Environmental News from Asia:
- Over the past decade, Japan and South Korea have increasingly turned to burn wood pellets for energy, leaning on a U.N. loophole that dubs biomass burning as carbon neutral.
- While Japan recently instituted a new rule requiring life cycle greenhouse gas emissions accounting, this doesn’t apply to its existing 34 biomass energy plants; Japanese officials say biomass will play an expanding role in achieving Japan’s goal of reducing greenhouse gas emissions by 46% by 2030.
- South Korea included biomass burning in its renewable energy portfolio standard, leading to 17 biomass energy plants currently operating and at least four more on the way.
- Experts say these booms in Asia — the first major expansion of biomass burning outside Europe — could lead to a large undercounting of actual carbon emissions and worsening climate change while putting pressure on already-beleaguered forests.
The European Union and the United Kingdom are ramping up controversial wood burning to generate energy and heat as they follow legal mandates to phase out coal. But this practice is leaving smokestack carbon emissions uncounted and the atmosphere in arguably worse shape.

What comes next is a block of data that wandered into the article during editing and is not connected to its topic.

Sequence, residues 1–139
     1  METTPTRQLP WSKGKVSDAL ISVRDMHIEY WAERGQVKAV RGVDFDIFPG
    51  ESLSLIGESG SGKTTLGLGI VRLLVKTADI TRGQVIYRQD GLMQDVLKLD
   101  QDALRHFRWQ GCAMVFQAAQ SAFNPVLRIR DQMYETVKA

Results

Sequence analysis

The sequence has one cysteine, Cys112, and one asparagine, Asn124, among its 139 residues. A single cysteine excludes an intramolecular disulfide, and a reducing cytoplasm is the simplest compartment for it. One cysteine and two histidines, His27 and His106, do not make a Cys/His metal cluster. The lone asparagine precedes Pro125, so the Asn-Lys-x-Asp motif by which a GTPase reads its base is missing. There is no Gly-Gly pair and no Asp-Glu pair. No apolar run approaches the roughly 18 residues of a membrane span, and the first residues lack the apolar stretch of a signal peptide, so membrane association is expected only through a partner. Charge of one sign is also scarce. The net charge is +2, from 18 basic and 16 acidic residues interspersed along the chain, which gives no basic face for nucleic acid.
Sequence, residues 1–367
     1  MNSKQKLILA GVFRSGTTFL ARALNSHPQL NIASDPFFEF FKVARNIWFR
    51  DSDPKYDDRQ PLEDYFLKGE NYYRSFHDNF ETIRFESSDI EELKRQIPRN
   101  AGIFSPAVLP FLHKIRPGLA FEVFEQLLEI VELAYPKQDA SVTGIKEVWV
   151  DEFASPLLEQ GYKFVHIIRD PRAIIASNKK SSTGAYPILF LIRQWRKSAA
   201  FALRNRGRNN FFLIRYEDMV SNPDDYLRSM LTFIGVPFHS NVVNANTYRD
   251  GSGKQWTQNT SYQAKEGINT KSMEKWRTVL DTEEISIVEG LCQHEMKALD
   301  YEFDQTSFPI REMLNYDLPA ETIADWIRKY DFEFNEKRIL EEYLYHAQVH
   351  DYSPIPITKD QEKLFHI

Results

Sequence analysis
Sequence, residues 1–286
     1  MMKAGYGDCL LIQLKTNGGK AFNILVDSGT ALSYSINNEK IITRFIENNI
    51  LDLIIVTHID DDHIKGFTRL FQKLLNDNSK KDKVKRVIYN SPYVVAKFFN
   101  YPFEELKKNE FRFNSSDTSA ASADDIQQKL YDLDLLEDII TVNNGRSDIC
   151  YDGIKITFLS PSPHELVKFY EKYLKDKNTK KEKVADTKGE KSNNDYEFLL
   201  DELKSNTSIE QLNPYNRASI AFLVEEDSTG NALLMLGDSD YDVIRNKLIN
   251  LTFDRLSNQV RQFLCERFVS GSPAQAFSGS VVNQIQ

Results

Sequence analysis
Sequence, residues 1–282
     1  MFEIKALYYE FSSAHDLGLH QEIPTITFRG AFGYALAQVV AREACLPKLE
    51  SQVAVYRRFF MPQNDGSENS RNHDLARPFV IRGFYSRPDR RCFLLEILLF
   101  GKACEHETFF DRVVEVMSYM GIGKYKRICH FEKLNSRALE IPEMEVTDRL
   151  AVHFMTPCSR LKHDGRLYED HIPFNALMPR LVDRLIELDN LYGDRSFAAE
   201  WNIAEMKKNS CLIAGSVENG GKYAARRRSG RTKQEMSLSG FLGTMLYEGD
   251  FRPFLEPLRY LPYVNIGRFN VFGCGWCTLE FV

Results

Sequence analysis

Now, on the other side of the world, two industrial Asian giants are following Europe’s lead, though with less media scrutiny to date.
Japan and South Korea, the world’s third- and 10th-largest economies, have been increasingly relying on burning wood for energy since 2012, taking advantage of a United Nations-tolerated loophole that enables them, like the EU and the U.K., to allow emissions from biomass burning to be counted as carbon neutral, putting it in the same category as renewables such as solar and wind energy.
The result may be an undercounting of their actual greenhouse gas emissions, allowing them to meet their Paris Agreement goals — at least on paper. Both Japan and South Korea pledged in 2020 to reach net-zero emissions by 2050; the EU and the U.K. have the same goal.
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